Clickability tracking pixel

Bay Area Commuters Pilot Carpool App

The Carma app will issue small monetary incentives for drivers and passengers interested in sharing rides.

by Andrew McGall, Contra Costa Times / November 5, 2015

(TNS) -- A ride-sharing website has entered the daily Interstate 80 commuter fray in the East Bay, and, for the moment, it promises to pay those who sign up for its phone app.

Carma, an international nonprofit group based in Ireland that claims some 50,000 registered riders and drivers in the Bay Area, is offering $50 to Contra Costans who make the I-80 commute and sign up for its app.

That's on top of its regular payment to drivers of 85 percent of its ride-sharing fee.

The ride-share promoter also has a half-price pact with San Francisco's city-owned garages.

"It's a pilot project to see if the incentives can move the needle" on ride sharing along Contra Costa's I-80 corridor, said Amy Huang, a public information officer with the Contra Costa Transportation Authority, which is sponsoring the project. The agency and Carma won a $456,000 federal grant to test the idea through June.

"We're testing behavior change," said Carma co-founder Paul Steinberg.

The target is clear: I-80 commute traffic backups routinely extend for miles, but the 270,000 cars that cross the Bay Bridge on weekdays include nearly 800,000 empty seats.

Filling those seats with people who otherwise would be in their own cars would ease the congestion.

The other target: 30- to 55-year-olds who commute three or more times a week from the suburbs to an urban center.

In addition to Carma's fee sharing and the $50 incentive, the program rebates part or all of the tolls for Bay Area bridges depending on the number of people in the car. It also guarantees a ride home if the need arises and the real-time app does not turn up a driver.

The Carma app maps available drivers and ride seekers. Riders who connect make a per-mile electronic payment that is credited to the driver's Carma account. Together, drivers and riders qualify for car-pool lanes.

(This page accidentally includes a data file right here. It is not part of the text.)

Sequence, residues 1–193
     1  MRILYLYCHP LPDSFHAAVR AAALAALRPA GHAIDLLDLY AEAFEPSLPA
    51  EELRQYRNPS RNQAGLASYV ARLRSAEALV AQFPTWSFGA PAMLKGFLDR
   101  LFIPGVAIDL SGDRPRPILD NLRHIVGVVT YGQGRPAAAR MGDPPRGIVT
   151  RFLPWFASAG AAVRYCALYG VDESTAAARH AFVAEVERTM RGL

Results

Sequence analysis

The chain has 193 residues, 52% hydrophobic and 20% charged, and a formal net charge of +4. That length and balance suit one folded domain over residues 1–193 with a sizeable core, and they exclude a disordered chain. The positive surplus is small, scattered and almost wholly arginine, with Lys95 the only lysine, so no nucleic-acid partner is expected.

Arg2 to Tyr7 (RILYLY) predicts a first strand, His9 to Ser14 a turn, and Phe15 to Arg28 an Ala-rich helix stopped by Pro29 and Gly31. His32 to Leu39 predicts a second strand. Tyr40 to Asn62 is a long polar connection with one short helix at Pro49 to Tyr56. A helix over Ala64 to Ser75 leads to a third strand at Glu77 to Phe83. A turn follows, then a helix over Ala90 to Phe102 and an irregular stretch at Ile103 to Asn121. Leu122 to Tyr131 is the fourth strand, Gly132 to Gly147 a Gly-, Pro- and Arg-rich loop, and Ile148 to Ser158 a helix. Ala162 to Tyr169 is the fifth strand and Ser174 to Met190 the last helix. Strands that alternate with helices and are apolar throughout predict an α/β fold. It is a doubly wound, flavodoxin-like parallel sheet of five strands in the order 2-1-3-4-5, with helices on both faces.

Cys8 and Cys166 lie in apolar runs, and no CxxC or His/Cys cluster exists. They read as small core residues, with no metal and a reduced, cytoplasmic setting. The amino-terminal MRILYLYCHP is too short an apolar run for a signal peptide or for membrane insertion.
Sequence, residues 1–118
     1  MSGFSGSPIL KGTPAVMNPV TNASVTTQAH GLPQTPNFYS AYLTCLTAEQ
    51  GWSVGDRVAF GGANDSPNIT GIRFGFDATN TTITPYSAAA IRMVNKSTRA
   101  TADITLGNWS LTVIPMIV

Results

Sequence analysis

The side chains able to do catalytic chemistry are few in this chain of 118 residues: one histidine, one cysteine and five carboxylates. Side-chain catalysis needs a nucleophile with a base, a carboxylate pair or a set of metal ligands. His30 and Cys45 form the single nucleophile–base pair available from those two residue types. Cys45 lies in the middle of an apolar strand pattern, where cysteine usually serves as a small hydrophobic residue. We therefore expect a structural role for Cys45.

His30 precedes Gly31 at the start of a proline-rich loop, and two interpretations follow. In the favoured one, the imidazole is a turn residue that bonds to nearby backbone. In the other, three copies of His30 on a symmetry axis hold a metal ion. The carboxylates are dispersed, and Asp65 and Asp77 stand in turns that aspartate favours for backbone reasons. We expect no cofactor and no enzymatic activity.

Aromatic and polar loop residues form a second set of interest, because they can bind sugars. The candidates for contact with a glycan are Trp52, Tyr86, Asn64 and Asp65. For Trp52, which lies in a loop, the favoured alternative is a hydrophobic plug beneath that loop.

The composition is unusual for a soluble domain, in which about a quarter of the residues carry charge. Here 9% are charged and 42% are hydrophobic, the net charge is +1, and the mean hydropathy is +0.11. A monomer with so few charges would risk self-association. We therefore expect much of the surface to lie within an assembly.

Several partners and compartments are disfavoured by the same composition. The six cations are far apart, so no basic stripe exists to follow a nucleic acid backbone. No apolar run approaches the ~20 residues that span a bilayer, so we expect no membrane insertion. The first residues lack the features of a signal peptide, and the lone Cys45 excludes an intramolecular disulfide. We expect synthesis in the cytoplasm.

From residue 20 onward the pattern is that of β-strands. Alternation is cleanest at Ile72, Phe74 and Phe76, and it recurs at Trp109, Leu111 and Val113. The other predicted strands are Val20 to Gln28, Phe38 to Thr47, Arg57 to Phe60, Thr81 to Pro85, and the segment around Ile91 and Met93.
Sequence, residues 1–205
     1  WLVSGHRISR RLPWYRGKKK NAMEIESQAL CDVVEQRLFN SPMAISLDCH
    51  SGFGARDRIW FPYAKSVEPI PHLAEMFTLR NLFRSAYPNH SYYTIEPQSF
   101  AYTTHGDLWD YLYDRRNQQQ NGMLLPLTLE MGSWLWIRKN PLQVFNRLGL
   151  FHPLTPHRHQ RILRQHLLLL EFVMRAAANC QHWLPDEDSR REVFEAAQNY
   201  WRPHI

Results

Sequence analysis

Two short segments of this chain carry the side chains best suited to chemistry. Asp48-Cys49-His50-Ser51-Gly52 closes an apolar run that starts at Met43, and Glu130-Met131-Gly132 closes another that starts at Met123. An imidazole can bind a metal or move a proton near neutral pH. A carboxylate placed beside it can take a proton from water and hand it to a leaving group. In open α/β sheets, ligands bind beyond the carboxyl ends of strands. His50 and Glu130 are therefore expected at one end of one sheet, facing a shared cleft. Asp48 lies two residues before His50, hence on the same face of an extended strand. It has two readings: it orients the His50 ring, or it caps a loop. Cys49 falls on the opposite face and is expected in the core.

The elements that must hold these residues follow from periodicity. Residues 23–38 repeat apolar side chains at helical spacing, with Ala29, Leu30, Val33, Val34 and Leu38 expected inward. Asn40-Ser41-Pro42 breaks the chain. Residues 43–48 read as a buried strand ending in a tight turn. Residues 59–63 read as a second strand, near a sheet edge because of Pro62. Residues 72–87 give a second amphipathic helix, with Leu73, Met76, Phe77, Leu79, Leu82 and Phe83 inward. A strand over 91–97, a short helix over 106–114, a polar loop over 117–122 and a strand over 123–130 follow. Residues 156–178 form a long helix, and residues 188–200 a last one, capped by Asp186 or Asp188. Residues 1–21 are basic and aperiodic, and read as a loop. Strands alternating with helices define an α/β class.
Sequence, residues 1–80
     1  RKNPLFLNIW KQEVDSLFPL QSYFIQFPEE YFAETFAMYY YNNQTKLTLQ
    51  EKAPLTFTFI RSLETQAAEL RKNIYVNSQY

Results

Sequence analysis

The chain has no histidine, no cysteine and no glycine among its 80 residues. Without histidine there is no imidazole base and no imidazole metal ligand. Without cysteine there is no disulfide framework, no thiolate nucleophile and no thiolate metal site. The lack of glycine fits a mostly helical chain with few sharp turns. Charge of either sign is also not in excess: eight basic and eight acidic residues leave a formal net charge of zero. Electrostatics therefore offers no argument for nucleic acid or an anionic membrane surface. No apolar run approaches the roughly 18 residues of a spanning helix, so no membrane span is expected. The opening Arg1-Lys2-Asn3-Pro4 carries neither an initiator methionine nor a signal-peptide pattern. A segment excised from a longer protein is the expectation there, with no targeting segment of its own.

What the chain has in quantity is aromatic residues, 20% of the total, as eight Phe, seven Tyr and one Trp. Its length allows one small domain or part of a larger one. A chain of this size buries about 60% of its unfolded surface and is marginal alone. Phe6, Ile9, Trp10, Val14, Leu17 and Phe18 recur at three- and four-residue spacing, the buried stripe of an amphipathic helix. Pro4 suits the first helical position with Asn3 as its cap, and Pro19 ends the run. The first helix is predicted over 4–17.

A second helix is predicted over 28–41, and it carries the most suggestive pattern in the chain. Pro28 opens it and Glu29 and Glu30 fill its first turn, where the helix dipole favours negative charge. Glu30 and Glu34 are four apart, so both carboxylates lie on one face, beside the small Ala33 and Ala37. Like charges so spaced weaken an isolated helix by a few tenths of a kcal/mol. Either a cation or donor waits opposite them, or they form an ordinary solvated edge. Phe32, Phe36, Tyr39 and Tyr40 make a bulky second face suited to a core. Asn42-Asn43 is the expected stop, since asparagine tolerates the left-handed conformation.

The fee is $1 for the first mile, 20 cents a mile for the next 14 miles and 8 cents a mile after that.

"(Drivers) earn less than (the trip) costs," Steinberg said. And a ride can be given for free, if the driver chooses, he noted.

To know whether the app is a success, Carma needs know how many people are in a car. The nonprofit patented proximity programs that register the presence of members' cell phones and transmits the data -- but not the riders' identities -- to the Bay Area Toll Authority, Steinberg said.

"They get the data they need to show human behavior change," he said. "We expect a threefold increase" in members along the I-80 corridor.

The ride-sharing site for registered riders and drivers is It locates riders and drivers and shows departure and arrival streets, distance traveled and the charge.

A listing at the website reveals that one driver leaves San Pablo Avenue in Pinole at 7 a.m. weekdays for a 49.6 mile drive to Access Road in Cupertino. A ride with her is $7.72.

"Carma is in most cases cheaper than getting the bus," the company says.

The ride sharing involves no physical exchange of money. Transactions are made through online "wallets" managed by Carma.

The Carma site also details a $1 million prize for "the first developer using Carma's real-time ridesharing (program) to build an application that results in 10,000 daily user trips over a 90-day period."

©2015 the Contra Costa Times (Walnut Creek, Calif.) Distributed by Tribune Content Agency, LLC.

Looking for the latest gov tech news as it happens? Subscribe to GT newsletters.

E.REPUBLIC Platforms & Programs